2015 I AM DUKE ENVIRONMENT Fall PHOTO CONTEST WINNERS

Our fall photo contest received a host of wonderful entries from faculty, staff, students, alumni and donors. The submitted images and their accompanying quotations held powerful stories of hard work and a passion for experiencing, protecting and bettering the planet and its resources — exactly what we at the Nicholas School are all about.

Please join us in congratulating the winners of the Grand Prize iPad and $100.com Amazon gift certificates:

  • i-am-duke-2015-cao.jpg

    Yiyan Cao, 2016, MEM-EE
    To recognize the energy efficiency opportunities in a real factory which produce glass fiber is really a great challenge for me. With an industry you didn't familiar with, a lot of effort need to pay. What is the process, how equipments works, how to ensure the safety. The hardest question for me is how to meter and collect the data by yourself in a plant rather than just analyzing them behind the laptop screen. EDF Climate Corps internship gave me this opportunity to work to answer these questions with local engineer team and make a difference. 

  • i-am-duke-2015-salenbien.jpg

    Wout Salenbien, 3rd year PhD-EOS
    During the summer of 2015, our NSF-funded project was the subject for a special feature in Science Magazine. During a 2-week field trip that covered the different terrains and environments in which the researchers on the project work, we visited some remote parts of the Peruvian Amazonian rainforest. Since this is my primary site of research, I organized a day-long short project during which we collaborated with fellow graduate students on the NSF project, all from different universities and focus fields, to study a particular rock outcrop in close detail, deep in the Manu National Reserve. This photo is taken during that day, as I am going through my notes by the side of the river. You can see the orange sample flags in the background. We hope to unravel the depositional history of that outcrop and learn what it can tell us about the evolution of the Amazon Rainforest, in terms of geology, biology and climate. Photo taken by Jason Houston.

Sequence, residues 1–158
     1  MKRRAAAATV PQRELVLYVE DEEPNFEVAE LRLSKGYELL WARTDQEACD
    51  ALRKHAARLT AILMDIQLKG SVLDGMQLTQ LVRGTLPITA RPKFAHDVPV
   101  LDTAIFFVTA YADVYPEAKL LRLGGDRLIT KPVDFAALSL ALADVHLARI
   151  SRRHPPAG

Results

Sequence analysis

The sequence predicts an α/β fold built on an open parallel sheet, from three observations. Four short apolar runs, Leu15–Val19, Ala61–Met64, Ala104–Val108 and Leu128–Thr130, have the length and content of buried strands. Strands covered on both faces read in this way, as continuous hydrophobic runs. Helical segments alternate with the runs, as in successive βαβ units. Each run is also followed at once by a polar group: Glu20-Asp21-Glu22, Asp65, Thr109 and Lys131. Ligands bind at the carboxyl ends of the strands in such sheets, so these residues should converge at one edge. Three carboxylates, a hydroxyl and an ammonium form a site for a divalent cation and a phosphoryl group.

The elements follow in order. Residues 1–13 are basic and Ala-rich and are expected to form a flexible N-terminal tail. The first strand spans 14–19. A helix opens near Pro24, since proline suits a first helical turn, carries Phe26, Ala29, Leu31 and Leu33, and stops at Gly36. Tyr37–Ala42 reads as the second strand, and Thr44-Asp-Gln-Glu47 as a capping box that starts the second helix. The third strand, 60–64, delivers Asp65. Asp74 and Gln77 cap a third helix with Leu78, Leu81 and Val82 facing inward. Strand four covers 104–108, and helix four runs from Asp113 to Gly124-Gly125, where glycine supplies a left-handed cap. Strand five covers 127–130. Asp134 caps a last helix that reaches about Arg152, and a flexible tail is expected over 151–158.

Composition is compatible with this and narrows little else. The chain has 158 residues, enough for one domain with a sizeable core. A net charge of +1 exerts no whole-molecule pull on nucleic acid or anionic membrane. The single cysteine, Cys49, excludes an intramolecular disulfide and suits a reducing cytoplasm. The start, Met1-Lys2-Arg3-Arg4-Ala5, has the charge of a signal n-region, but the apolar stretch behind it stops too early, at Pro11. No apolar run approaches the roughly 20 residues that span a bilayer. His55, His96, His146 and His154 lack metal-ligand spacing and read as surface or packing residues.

• i-am-duke-2015-gopalakrishna.jpeg

    Trisha Gopalakrishna, 2nd Year MEM-ESC
    Working in the mysterious tropics, my work strives for conservation of small critters, exquisite trees and beautiful landscapes.

  • i-am-duke-2015-aines.jpg

    Alex Aines, 1st Year MEM-CEM
    Juvenile lemon sharks (Negaprion brevirostris) use the mangroves around Bimini, Bahamas as a nursery and though they frequent the waters in this area, there is still a lot we do not know about them. Here, I am releasing a deceptively strong juvenile lemon shark back into the open ocean after conducting behavioral trials on it. These trials are for a PhD project on personality types in lemon sharks, a project I assisted with while working at Bimini Biological Field Station as a research intern over the summer. Bahamas Research Permit MAF/FIS/17.

  • i-am-duke-2015-quintana.jpg

    Anastasia Quintana, 2nd Year PhD-MSC
    This action shot of Joe Morton, 1st year PhD student in the Nicholas School, shows a daily activity of his: collecting snails right outside the Duke Marine Lab for parasitology work. His groundbreaking work has shown the positive effects that parasites can have on ecosystems - and it all starts with this humble activity right outside the marine lab campus!

The winning photos will also be displayed on the Environment Hall Plasma Screen and in Dukenvironment magazine. Please enjoy perusing these 'photo stories' and more fantastic entries as we slowly release them on the Nicholas School’s website and Facebook page. All entries can also be seen on our Flickr page.

An immense thanks to all our contest participants! Don’t forget to keep your camera ready for future photo contests!